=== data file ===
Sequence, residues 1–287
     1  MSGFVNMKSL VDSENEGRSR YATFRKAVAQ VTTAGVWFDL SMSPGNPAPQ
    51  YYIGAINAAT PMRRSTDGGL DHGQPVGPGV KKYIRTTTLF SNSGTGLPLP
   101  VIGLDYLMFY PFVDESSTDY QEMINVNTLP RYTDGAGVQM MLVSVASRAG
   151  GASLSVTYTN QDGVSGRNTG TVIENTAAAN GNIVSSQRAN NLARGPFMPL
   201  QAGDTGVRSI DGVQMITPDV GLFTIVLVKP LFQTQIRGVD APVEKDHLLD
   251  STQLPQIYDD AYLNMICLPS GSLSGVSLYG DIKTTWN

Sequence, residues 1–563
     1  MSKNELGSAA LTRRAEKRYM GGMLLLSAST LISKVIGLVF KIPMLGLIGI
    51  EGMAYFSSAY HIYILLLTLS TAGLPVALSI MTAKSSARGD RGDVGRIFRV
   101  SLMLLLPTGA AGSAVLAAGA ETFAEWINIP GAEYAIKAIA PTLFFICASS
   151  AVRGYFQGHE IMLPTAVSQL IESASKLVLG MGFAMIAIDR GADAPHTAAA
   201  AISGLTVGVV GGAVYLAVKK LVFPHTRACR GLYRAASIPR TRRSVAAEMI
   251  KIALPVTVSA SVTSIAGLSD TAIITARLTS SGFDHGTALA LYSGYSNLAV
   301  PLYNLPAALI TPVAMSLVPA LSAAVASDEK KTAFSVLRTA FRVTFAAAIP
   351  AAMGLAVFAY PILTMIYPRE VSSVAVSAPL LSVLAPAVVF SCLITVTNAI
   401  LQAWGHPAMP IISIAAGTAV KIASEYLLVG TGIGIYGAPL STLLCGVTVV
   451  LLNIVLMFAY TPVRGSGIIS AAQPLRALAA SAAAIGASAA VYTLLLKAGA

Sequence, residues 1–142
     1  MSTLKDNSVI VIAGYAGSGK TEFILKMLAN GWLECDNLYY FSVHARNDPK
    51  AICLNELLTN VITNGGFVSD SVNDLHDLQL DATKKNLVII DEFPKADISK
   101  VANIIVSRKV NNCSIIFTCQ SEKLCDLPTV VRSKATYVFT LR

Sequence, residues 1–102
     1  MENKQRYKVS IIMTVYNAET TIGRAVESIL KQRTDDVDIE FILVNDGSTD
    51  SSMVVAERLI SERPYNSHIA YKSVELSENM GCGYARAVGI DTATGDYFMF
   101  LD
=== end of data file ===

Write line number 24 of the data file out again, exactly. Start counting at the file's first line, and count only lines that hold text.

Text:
     1  MENKQRYKVS IIMTVYNAET TIGRAVESIL KQRTDDVDIE FILVNDGSTD